This week, the Republican presidential field is going to double, from three candidates to six. Ted Cruz, Rand Paul, and Marco Rubio have all previously officially announced their candidacies, and this week they will be joined by Carly Fiorina, Ben Carson, and Mike Huckabee.
Enter Scott Walker's politics of fear. For the party that rhetorically champions self-reliance, the emphasis on creating fear and despair in the electorate is ironic, but effective. Why blame yourself for economic insecurity when you can blame a faceless immigrant plotting to take away your job?
What pragmatic liberals like me are calling for is not surrender on the part of progressives, but political maturity. Hillary is far better than any GOP candidate. If she is the Democratic nominee, those who don't want to see a century of reforms decimated should give her their vote.
History tells us that 2016 ought to be a Republican year since it's difficult for a political party to win a third consecutive term. But while history may be on the Republican side, the electoral map is not.
The reason most of us have seen little gain from economic growth over the last three decades is that the rich have rigged the rules to ensure that money flows upward. Through their control of trade policy, Federal Reserve Board policy, and other key levers of government, they have structured the market to weaken the bargaining power of ordinary workers and benefit the CEOs and Wall Street crew. As a result, the typical worker has seen almost none of the gains from economic growth over the last four decades. Most of this rigging comes in before-tax income.
I see no one who can begin to match Hillary Clinton's qualifications for the presidency. So why not let the elephants outspend her while she demonstrates, once again, that money alone cannot fill the gap between a weak candidate and a strong one?
Ms. Fiorina might be able to be a strong candidate, but her path to the nomination will not be easy. There is little reason to think that Republican women will automatically support her; and while Republicans hate big government, many primary Republican voters are not exactly enamored of big business either.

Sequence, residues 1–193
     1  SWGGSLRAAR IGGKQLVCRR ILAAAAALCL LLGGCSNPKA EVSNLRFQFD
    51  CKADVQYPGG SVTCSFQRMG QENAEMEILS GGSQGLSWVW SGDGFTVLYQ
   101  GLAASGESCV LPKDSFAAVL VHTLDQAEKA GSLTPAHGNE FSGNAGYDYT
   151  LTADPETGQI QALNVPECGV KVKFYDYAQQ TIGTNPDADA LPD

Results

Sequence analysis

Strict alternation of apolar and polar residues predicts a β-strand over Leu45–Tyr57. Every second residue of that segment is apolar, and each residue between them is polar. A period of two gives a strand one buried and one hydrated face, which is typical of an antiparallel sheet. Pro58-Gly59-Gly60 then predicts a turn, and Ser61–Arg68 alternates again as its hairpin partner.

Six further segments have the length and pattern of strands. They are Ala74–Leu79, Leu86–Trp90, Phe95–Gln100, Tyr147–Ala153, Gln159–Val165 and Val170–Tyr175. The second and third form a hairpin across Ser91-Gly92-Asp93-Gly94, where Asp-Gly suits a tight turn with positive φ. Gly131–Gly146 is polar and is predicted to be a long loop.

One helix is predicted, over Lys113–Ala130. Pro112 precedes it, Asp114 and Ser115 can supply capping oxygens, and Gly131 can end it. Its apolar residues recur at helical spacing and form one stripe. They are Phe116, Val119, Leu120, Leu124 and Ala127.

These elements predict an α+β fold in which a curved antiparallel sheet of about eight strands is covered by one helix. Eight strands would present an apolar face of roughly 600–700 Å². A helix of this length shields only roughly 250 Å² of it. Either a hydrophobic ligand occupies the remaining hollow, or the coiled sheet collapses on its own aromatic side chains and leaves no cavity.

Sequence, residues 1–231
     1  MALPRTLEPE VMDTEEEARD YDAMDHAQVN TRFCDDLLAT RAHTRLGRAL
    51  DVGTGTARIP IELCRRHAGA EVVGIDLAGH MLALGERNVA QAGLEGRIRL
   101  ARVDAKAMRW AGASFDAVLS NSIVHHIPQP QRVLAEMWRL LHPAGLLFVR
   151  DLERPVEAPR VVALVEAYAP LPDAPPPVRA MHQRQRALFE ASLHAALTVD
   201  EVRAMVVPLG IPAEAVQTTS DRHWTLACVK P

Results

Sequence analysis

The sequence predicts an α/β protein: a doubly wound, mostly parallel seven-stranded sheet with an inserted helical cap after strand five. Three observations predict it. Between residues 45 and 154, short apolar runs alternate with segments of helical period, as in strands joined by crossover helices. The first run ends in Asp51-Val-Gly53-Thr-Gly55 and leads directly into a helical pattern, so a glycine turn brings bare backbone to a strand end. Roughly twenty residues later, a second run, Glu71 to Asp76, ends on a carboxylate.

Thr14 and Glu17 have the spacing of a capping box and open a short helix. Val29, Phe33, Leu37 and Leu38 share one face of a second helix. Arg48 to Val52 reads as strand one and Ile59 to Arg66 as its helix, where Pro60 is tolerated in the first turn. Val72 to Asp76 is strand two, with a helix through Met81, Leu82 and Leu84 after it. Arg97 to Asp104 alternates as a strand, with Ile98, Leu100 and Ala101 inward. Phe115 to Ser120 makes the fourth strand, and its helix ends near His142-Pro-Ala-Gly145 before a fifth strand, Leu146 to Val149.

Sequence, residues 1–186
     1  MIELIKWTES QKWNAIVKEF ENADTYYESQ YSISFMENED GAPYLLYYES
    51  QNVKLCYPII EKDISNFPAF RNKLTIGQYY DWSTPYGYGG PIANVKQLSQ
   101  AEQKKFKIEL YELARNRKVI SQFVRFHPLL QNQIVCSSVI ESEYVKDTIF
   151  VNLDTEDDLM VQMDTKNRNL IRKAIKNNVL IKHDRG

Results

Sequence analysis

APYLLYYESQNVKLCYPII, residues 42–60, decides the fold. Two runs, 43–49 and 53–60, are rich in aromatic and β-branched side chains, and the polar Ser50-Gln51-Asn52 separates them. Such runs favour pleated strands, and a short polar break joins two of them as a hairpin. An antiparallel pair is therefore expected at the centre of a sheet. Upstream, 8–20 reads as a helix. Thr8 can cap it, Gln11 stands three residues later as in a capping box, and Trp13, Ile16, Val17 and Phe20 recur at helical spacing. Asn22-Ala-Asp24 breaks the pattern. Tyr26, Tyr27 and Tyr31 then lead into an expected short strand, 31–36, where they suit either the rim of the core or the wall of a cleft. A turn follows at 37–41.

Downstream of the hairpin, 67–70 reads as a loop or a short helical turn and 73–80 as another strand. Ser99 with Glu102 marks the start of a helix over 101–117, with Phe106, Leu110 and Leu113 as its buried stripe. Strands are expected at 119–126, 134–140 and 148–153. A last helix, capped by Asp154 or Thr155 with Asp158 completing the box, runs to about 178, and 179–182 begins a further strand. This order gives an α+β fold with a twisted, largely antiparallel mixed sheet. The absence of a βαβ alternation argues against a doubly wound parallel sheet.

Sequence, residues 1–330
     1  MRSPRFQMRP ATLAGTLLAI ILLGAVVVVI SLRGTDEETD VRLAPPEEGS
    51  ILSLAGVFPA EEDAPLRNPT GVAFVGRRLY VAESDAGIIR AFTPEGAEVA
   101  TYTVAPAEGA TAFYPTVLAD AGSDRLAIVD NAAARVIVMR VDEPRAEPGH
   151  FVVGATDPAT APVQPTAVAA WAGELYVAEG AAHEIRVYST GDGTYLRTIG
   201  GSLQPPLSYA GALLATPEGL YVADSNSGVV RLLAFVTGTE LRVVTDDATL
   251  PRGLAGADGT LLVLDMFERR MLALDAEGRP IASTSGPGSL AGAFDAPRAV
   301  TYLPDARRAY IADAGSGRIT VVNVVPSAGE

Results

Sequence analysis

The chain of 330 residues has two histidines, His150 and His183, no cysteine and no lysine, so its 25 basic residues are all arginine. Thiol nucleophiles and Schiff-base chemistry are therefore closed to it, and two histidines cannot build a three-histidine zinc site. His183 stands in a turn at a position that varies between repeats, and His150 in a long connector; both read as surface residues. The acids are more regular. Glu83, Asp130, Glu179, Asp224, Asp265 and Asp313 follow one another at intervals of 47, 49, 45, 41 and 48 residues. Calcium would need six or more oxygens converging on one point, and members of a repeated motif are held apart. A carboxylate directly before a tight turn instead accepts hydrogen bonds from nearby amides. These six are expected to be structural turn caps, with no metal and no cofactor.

It's one thing to try to gain a political advantage by pointing out certain undesirable aspects of an opponent's background or record. But when a Senate democratic leader spreads baseless allegations without a shred of evidence, and uses the Senate floor to do so, that's one step too far.
No surprise that almost four months into the Republican takeover of Congress, more time has been spent on immigration -- specifically, trying to reverse President Obama's executive actions shielding 5 million immigrants from deportation -- than almost anything else.
Every adult American, of course, has the right to work. What this legislation does is help corporations and state governments cut workers' pay. Its intent is regressive. Republicans want to return America to the days when robber barons controlled workers' lives completely.
The Democratic and Republican gristmills got to work last week on Hillary Clinton's "homebrew" email, and the ensuing firestorm underscored an alarming lack of cyber-savvy among the leading players of the 2016 election. It also raised a serious question: Should the Secret Service protect presidential candidates from cyber attacks?
Because of his war pictures and Westerns, he will always be perceived by some as the heir to John Wayne, but, whatever one thinks of American Sniper, Eastwood is much more subtle than some jingoistic zealot.
The voters that make up the Republican base don't just want chili-cheese fries... they want to feast on the ground, raw, red meat of anyone who disagrees with them, while claiming that America is a Christian nation. That's the kind of diet we should make fun of.
The Republican Party and the political media world are already off to the 2016 horse races. It is way too early for any real analysis of the public's mood, but that doesn't stop the oddsmaking within the Beltway. After all, the Democratic nomination race is setting up to be a snoozer, so why not get started obsessing over the Republican race?
I understand not speaking out on certain issues before their time. But this passage in Axelrod's book seems to have no purpose other than to try to sell more books, and it definitely could lead to questions about what Obama really thinks about a host of other issues.
Before Bush concentrates on winning the Iowa caucuses, he should think twice about making the same mistake that Romney did in trying to capture, or even placate, that Iowa GOP mentality that might play well in the cornfields and pig farms.